Tax Turkey to Avoid #3: Missing your state's 529 plan tax break deadline
Tax Turkey to Avoid #5: Losing FSA money you left in your health care account

Tax Turkey to Avoid #4: Not moving some traditional IRA money to a Roth account

We're into the Thanksgiving weekend and still noshing on leftover turkey. (Or, in my case, pumpkin pie.)

But here's a Tax Turkey you shouldn't let linger.

Don't wait to look into converting, in full or partially, your traditional IRA to a Roth IRA.

Individual retirement savings options: IRAs, or individual retirement arrangements (although most of us read the A as account), have long been a popular way for individuals, with or without a workplace retirement plan, to save for their post-work year.

The original version, now known as a traditional IRA, debuted in 1975, after being authorized the prior year in the Employee Retirement Income Security Act (ERISA).

Owners of a traditional IRA put in pre-tax money and, in some instances, can deduct their annual contributions. When the contributions and earnings are distributed in retirement, or as demanded by the required minimum distribution (RMD) rules, the withdrawals are taxed at ordinary income tax rates.

The Roth IRA, which gets its moniker from the late U.S. Sen. William Roth who championed the plans, appeared as a retirement saving option in 1998. A Roth IRA is funded by after-tax contributions. Since Uncle Sam has already gotten his cut of the money in the account, Roth IRA distributions are tax-free. Plus, there's no RMD for these accounts.

Stock market trigger: Every person's financial situation is unique, so there are valid reasons for opening and maintaining a traditional IRA.

But things change.

So it's a good idea to evaluate your circumstances and see whether it would be a wise move to convert at least some of your traditional IRA into a Roth.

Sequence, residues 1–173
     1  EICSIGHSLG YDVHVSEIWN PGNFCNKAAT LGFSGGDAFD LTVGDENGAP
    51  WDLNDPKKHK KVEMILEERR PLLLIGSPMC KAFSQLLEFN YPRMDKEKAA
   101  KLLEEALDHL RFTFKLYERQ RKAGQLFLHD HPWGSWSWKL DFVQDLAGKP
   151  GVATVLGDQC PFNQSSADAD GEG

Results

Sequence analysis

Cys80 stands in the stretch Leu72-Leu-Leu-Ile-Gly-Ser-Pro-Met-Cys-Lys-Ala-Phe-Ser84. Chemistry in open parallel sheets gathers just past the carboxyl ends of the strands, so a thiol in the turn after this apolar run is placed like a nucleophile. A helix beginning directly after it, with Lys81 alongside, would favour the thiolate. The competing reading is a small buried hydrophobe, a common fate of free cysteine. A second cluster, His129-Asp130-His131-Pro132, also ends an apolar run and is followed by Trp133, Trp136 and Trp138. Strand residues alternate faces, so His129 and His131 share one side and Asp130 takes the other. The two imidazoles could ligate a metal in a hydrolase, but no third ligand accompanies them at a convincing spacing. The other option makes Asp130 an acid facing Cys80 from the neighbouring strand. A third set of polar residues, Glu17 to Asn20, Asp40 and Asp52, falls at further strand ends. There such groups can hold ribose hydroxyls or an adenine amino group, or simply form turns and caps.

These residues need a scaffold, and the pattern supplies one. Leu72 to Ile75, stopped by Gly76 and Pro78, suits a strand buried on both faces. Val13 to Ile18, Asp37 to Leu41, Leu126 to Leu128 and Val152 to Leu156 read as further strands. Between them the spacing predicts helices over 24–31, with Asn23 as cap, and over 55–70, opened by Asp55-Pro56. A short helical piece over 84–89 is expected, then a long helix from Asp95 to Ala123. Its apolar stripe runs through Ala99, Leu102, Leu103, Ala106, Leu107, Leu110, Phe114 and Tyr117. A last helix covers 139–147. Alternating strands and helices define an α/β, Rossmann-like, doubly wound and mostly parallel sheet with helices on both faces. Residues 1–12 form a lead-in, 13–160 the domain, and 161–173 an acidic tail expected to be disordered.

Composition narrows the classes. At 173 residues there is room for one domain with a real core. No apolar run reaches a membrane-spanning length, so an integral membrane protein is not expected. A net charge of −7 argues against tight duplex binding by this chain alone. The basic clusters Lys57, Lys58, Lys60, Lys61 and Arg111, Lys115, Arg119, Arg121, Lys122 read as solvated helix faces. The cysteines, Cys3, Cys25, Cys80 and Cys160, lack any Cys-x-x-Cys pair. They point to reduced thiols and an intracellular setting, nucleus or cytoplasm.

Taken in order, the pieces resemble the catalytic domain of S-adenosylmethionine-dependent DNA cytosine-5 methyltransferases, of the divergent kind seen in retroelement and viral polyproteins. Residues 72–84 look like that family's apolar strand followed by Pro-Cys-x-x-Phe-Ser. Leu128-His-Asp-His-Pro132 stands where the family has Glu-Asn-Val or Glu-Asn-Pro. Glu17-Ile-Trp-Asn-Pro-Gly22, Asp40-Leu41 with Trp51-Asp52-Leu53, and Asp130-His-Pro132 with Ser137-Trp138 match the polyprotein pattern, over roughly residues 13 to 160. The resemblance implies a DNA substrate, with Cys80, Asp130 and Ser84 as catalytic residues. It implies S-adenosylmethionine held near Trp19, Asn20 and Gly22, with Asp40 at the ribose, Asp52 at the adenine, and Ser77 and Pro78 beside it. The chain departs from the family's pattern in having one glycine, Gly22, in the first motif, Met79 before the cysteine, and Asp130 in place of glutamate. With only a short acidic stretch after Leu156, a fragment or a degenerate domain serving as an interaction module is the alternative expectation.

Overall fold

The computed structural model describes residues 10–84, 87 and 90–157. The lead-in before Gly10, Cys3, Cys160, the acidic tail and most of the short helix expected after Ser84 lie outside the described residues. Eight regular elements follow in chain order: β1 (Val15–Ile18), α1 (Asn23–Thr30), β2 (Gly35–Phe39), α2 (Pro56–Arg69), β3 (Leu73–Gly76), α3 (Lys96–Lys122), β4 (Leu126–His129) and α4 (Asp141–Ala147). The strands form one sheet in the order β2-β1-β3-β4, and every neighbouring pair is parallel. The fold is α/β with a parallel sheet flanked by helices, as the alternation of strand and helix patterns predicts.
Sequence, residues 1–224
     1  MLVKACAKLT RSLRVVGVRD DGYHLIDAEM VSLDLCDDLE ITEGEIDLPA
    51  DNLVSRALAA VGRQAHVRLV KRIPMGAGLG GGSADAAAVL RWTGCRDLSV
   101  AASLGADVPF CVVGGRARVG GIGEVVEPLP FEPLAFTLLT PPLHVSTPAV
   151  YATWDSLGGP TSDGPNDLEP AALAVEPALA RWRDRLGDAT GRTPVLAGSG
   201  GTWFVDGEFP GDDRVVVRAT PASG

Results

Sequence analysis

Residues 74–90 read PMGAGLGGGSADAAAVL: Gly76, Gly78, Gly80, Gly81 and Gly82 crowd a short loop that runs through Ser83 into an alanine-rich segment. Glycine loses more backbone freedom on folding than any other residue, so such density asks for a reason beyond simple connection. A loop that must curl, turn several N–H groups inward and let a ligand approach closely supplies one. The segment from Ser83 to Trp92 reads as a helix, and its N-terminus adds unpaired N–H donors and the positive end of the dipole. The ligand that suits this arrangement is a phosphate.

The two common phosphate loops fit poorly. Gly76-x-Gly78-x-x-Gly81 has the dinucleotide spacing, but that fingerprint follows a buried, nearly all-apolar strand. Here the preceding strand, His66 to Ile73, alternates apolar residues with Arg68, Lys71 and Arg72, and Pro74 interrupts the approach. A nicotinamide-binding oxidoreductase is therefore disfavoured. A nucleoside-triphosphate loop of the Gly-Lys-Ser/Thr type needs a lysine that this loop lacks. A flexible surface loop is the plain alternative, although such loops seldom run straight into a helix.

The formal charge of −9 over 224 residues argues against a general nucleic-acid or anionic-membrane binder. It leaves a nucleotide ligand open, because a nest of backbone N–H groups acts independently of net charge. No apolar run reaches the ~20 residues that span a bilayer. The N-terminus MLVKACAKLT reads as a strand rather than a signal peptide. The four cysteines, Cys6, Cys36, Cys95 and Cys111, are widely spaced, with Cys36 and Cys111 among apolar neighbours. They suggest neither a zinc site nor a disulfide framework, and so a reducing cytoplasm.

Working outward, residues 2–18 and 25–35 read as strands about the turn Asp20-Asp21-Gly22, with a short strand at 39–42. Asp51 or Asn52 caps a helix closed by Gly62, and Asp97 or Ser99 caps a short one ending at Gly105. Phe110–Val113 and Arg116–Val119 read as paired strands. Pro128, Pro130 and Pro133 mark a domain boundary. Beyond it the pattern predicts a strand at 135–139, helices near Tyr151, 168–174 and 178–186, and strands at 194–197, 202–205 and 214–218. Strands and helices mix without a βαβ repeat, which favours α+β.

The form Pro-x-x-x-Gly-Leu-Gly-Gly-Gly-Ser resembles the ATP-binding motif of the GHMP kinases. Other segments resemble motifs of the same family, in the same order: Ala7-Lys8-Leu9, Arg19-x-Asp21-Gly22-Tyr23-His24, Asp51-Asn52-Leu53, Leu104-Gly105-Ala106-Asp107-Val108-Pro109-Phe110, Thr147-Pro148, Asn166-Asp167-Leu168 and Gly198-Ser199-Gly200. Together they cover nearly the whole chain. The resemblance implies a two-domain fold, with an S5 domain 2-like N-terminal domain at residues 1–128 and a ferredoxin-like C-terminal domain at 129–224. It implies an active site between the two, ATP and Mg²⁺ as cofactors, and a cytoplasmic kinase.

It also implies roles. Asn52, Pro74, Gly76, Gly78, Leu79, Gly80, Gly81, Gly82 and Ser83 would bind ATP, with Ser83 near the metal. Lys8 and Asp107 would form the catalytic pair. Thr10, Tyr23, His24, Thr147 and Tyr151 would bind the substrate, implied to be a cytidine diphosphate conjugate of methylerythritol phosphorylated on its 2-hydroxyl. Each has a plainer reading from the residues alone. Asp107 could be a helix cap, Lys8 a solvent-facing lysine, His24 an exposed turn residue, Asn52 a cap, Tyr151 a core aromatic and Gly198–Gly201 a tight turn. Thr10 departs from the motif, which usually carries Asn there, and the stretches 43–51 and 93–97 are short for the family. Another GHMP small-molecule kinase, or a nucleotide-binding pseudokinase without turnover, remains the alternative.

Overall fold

One factor that could come into play in any traditional-to-Roth move is the stock market. As the graph below from Trading Economics shows, while the market has rebounded a bit of late, it's still lower than where it started 2022.

Stock market 2022 graf_indu_ind_trading-economics

As I noted in an earlier post, the down market could make it a good time to convert a traditional IRA to a Roth. The reason is that when you move untaxed traditional IRA money into a Roth version, you must pay tax on the converted amount. Doing so when the value of your traditional IRA is lower will produce a smaller conversion tax bill.

If moving your full traditional IRA amount to a Roth kicks you into a higher tax bracket, consider converting just a portion.

Inflation's influence: Bear market matters and IRA conversions also are discussed in this weekend's Saturday Shout Out piece.

Melanie Waddell talked with IRA expert Ed Slott for his take on converting a traditional IRA to a Roth account in these current turbulent economic times. That interview with Slott's advice is in her ThinkAdvisor piece, Inflation Has Created an Unprecedented 4-Year Roth Conversion Opportunity.

After you've had your fill of turkey, take some time to explore a possible Roth IRA conversion. Avoiding this tax turkey by shifting to a tax-free retirement savings option could make you very thankful when you do retire.

2022's Tax Turkeys 🦃 🍗 🦃 to Avoid

  1. Not adjusting your incorrect withholding
  2. Not collecting your employer's maximum 401(k) match
  3. Missing your state's 529 plan tax break deadline
  4. Not converting at least some traditional IRA money to a Roth IRA
  5. Leaving (and losing) money in your flexible spending account (FSA)


Addendum, Sunday, Nov. 27, 2022: The goal of Don't Mess with Taxes is to talk turkey when it comes to tax matters. But if you're looking for some literal turkey talk, check out my November post at my tumblr tax blog, Tumbling Taxes. It includes a video of Texas turkey callers.

You also might find these items of interest:








Feed You can follow this conversation by subscribing to the comment feed for this post.

Verify your Comment

Previewing your Comment

This is only a preview. Your comment has not yet been posted.

Your comment could not be posted. Error type:
Your comment has been saved. Comments are moderated and will not appear until approved by the author. Post another comment

The letters and numbers you entered did not match the image. Please try again.

As a final step before posting your comment, enter the letters and numbers you see in the image below. This prevents automated programs from posting comments.

Having trouble reading this image? View an alternate.


Post a comment

Comments are moderated, and will not appear until the author has approved them.

Your Information

(Name and email address are required. Email address will not be displayed with the comment.)